I’m talking about some senior citizens here, the ones for whom abolishing notes and coins may prove to be a major impediment to their daily lives – even, in certain circumstances, removing their decision-making powers. This is something that as a society, we must not allow to happen.
Don’t get me wrong: I’m not suggesting that all seniors are incapable of managing their finances, and that a move to a demonetised way of living would leave everyone of pensionable age struggling. Indeed, the adoption of technologies in older age groups has grown markedly during the Covid lockdowns. What I am doing is hypothesising around the type of issues that could potentially manifest for those who don’t use smartphones (or who can’t afford them) if these devices become the only way to carry out a transaction.
How do people do their weekly food shopping, pay their energy bills or even do a bit of buying and selling at the mart or the car boot sale? What happens to those for whom the closure of local branches, where banks have deserted their communities, leaves them with no choice but to stash their few bob in a hole in the mattress or inside a bag of frozen peas in the freezer? What happens to those born in the pre-internet banking world who’re not yet ready, or more importantly, do not wish to live their daily lives without the comfort of having a physical purse or wallet full of notes and coins at their disposal?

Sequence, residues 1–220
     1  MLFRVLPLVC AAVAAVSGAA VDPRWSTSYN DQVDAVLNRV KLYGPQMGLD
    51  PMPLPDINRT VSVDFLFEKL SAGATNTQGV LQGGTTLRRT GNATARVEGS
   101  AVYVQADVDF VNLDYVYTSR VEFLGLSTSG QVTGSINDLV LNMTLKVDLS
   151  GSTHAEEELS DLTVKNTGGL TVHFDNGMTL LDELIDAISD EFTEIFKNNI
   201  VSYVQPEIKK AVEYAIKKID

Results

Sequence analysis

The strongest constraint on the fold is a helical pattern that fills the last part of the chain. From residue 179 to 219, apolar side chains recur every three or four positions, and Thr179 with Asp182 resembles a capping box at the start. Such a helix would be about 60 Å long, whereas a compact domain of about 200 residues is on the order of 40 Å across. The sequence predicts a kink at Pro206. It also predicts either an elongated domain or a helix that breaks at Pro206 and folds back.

I know that for many of us, using cards or phones has become a very convenient way of paying for ‘stuff’. Nonetheless, I must admit that every time I tap, I worry I’m placing myself at an increased risk of being mugged by an unscrupulous hacker. Remember last year’s cyber-attack? This practice provides the consumer with no anonymity whatsoever.